Drs Flinn, Lamanna, Brown, and Tam discuss the FDA approval of zanubrutinib in chronic lymphocytic leukemia and small lymphocytic lymphoma.
Welcome to OncLive On Air®! I’m your host today, Ashling Wahner.
OncLive On Air® is a podcast from OncLive®, which provides oncology professionals with the resources and information they need to provide the best patient care. In both digital and print formats, OncLive® covers every angle of oncology practice, from new technology to treatment advances to important regulatory decisions.
In today’s episode, we had the pleasure of speaking with Ian Flinn, MD, PhD; Nicole Lamanna, MD; Jennifer R. Brown, MD, PhD; and Constantine Tam, MD, MBBS, about the FDA approval of zanubrutinib (Brukinsa) in chronic lymphocytic leukemia (CLL) and small lymphocytic lymphoma (SLL).
Dr Flinn is the director of Lymphoma Research at Sarah Cannon Research Institute at Tennessee Oncology and the director of the Sarah Cannon Transplant and Cellular Therapy Program at TriStar Centennial in Nashville. Dr Lamanna is an associate clinical professor of medicine in the Hematologic Malignancies Section of the Hematology/Oncology Division at the Columbia University Herbert Irving Comprehensive Cancer Center in New York, New York. Dr Brown is the director of the Chronic Lymphocytic Leukemia Center at Dana-Farber Cancer Institute and the Worthington and Margaret Collette Professor of Medicine in the Field of Hematologic Oncology at Harvard Medical School in Boston, Massachusetts. Dr Tam is the head of the Lymphoma Service and a clinical hematologist at Alfred Health, as well as a professor of hematology at Monash University in Melbourne, Australia.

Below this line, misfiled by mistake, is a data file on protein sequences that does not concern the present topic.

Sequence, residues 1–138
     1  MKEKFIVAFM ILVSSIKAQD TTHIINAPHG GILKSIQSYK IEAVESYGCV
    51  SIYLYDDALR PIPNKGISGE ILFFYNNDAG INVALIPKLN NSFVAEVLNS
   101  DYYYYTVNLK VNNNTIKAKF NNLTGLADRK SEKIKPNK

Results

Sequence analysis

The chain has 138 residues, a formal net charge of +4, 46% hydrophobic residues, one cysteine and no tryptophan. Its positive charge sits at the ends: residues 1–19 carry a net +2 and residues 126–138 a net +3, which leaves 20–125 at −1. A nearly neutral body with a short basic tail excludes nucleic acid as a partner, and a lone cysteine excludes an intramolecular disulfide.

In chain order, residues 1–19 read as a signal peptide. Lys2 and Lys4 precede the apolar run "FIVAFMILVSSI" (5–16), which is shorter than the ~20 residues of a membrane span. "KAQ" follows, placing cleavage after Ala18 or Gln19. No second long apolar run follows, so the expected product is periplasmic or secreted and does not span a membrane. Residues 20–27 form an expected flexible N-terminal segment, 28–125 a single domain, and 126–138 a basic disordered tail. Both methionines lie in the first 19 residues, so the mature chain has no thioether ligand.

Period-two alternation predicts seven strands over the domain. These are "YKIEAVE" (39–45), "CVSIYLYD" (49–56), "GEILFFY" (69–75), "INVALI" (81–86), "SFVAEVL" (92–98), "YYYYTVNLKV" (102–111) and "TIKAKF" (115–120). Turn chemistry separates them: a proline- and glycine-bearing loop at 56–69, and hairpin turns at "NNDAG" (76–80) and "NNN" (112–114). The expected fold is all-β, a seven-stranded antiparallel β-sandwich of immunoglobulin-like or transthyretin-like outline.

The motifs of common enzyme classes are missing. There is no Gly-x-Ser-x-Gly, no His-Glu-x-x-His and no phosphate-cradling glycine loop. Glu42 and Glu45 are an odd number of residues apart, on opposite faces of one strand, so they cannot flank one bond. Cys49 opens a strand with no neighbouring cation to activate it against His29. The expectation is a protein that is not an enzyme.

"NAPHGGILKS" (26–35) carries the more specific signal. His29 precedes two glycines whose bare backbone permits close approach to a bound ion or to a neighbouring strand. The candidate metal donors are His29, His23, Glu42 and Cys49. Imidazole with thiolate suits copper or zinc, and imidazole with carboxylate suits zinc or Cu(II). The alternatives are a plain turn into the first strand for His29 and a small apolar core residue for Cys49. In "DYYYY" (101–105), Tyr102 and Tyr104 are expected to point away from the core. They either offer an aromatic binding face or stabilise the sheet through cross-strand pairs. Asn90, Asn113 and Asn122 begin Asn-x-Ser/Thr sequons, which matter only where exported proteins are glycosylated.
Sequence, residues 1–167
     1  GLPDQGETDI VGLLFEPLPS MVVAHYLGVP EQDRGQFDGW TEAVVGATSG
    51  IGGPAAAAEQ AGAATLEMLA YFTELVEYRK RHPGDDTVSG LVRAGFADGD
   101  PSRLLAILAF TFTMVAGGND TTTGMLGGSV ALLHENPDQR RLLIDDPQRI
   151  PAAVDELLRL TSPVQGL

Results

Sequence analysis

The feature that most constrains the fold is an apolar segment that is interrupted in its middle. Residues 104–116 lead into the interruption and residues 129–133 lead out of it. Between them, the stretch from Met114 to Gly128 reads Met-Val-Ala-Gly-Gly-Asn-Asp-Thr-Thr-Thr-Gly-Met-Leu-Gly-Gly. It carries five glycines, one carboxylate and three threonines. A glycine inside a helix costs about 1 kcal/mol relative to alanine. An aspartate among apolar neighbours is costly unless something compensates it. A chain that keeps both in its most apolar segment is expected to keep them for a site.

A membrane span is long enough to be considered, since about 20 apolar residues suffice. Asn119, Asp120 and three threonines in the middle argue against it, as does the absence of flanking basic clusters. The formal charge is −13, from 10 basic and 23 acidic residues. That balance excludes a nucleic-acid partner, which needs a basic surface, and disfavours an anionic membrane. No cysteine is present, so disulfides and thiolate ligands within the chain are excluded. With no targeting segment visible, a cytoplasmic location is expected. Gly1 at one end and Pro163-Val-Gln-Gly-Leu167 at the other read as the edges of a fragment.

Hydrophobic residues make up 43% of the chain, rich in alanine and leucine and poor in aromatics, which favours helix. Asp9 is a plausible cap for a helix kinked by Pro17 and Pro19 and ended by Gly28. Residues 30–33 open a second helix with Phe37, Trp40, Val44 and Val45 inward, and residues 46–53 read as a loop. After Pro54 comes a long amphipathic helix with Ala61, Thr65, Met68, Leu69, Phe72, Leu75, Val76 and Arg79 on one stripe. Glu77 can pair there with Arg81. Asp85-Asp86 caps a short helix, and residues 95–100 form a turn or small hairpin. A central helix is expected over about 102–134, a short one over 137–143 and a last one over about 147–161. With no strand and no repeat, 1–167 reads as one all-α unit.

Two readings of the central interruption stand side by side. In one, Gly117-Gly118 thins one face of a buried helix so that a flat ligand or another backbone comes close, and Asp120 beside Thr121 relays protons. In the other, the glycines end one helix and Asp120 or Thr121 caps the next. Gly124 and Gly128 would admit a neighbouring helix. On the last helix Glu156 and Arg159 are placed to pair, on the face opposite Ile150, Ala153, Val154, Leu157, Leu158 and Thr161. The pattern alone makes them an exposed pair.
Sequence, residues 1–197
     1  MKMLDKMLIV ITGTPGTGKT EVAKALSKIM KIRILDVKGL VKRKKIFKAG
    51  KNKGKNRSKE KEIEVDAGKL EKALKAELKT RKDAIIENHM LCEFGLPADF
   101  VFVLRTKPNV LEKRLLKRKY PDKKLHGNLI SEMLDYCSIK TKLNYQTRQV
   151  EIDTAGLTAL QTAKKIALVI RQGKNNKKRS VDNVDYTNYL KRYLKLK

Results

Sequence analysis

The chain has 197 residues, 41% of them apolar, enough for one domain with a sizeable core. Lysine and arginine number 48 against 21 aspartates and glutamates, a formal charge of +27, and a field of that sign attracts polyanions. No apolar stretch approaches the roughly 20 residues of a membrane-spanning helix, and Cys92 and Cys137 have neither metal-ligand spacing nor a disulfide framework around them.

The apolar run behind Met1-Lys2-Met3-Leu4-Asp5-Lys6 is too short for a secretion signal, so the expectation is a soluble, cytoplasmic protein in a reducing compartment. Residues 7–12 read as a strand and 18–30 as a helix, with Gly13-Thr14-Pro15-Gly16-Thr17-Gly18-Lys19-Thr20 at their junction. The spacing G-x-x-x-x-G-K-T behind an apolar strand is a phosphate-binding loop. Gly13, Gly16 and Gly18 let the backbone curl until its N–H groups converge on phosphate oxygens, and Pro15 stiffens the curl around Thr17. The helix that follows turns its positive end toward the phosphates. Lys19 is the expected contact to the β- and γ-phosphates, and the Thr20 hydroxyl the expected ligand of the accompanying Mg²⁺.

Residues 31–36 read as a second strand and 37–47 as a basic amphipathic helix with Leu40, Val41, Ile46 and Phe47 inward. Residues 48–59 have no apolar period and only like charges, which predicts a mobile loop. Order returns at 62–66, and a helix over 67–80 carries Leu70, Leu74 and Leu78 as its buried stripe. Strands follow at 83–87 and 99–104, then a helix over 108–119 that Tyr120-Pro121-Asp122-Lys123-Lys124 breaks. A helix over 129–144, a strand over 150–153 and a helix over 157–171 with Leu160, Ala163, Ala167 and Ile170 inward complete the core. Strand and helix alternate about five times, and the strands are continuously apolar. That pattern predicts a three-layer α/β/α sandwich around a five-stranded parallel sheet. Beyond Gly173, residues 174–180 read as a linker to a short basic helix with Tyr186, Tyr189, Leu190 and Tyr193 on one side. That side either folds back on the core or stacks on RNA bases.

On January 19, 2023, the FDA approved zanubrutinib for patients with CLL or SLL, based on findings from the phase 3 SEQUOIA trial (NCT03336333) in patients with treatment-naïve disease and findings from the phase 3 ALPINE trial (NCT03734016) in patients with relapsed/refractory disease. In SEQUOIA, treatment with zanubrutinib led to a median progression-free survival (PFS) that was not reached vs 33.7 months with bendamustine and rituximab (Rituxan; BR) in a randomized cohort. The overall response rate (ORR) was 94.6% with zanubrutinib vs 85.3% with BR. In ALPINE, median PFS was not reached in patients who received zanubrutinib vs 34.2 months with ibrutinib (Imbruvica). The ORRs with zanubrutinib and ibrutinib were 83.5% and 74.2%, respectively.
In our exclusive interview, Dr Flinn discussed the significance of this approval and how it addresses previously unmet needs in CLL/SLL, Drs Brown and Tam highlighted key efficacy and safety data from the ALPINE and SEQUOIA trials, and Dr Lamanna explained the unique mechanism of action of zanubrutinib and where this agent may fit into the treatment paradigm.
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